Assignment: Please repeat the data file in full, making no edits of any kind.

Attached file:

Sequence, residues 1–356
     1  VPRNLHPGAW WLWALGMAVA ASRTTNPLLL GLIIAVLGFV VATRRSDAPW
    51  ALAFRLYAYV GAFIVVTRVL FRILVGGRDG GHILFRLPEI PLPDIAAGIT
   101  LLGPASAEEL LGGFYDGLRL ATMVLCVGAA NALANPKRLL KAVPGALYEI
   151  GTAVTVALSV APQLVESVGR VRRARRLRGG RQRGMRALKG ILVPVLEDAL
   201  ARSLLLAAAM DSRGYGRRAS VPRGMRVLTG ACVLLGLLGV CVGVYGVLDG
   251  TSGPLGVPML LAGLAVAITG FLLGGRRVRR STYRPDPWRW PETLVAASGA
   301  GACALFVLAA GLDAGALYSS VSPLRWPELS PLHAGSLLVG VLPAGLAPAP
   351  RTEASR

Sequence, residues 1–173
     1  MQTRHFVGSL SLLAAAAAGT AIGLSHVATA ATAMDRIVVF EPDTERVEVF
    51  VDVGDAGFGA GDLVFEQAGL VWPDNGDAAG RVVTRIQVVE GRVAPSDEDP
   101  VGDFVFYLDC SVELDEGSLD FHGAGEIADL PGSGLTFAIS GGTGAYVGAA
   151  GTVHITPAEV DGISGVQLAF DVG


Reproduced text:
Sequence, residues 1–356
     1  VPRNLHPGAW WLWALGMAVA ASRTTNPLLL GLIIAVLGFV VATRRSDAPW
    51  ALAFRLYAYV GAFIVVTRVL FRILVGGRDG GHILFRLPEI PLPDIAAGIT
   101  LLGPASAEEL LGGFYDGLRL ATMVLCVGAA NALANPKRLL KAVPGALYEI
   151  GTAVTVALSV APQLVESVGR VRRARRLRGG RQRGMRALKG ILVPVLEDAL
   201  ARSLLLAAAM DSRGYGRRAS VPRGMRVLTG ACVLLGLLGV CVGVYGVLDG
   251  TSGPLGVPML LAGLAVAITG FLLGGRRVRR STYRPDPWRW PETLVAASGA
   301  GACALFVLAA GLDAGALYSS VSPLRWPELS PLHAGSLLVG VLPAGLAPAP
   351  RTEASR

Sequence, residues 1–173
     1  MQTRHFVGSL SLLAAAAAGT AIGLSHVATA ATAMDRIVVF EPDTERVEVF
    51  VDVGDAGFGA GDLVFEQAGL VWPDNGDAAG RVVTRIQVVE GRVAPSDEDP
   101  VGDFVFYLDC SVELDEGSLD FHGAGEIADL PGSGLTFAIS GGTGAYVGAA
   151  GTVHITPAEV DGISGVQLAF DVG